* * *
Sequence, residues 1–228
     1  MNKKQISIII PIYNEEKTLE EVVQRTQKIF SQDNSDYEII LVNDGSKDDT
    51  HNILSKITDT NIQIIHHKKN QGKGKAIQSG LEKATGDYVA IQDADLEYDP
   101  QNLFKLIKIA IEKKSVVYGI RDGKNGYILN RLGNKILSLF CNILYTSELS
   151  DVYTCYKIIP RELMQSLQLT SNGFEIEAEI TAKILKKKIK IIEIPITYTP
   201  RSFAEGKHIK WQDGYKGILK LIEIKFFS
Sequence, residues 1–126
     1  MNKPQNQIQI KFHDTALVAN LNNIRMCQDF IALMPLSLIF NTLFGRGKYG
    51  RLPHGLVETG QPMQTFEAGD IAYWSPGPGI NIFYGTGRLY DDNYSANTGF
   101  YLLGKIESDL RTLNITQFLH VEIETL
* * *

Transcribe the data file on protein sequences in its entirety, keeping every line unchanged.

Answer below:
Sequence, residues 1–228
     1  MNKKQISIII PIYNEEKTLE EVVQRTQKIF SQDNSDYEII LVNDGSKDDT
    51  HNILSKITDT NIQIIHHKKN QGKGKAIQSG LEKATGDYVA IQDADLEYDP
   101  QNLFKLIKIA IEKKSVVYGI RDGKNGYILN RLGNKILSLF CNILYTSELS
   151  DVYTCYKIIP RELMQSLQLT SNGFEIEAEI TAKILKKKIK IIEIPITYTP
   201  RSFAEGKHIK WQDGYKGILK LIEIKFFS
Sequence, residues 1–126
     1  MNKPQNQIQI KFHDTALVAN LNNIRMCQDF IALMPLSLIF NTLFGRGKYG
    51  RLPHGLVETG QPMQTFEAGD IAYWSPGPGI NIFYGTGRLY DDNYSANTGF
   101  YLLGKIESDL RTLNITQFLH VEIETL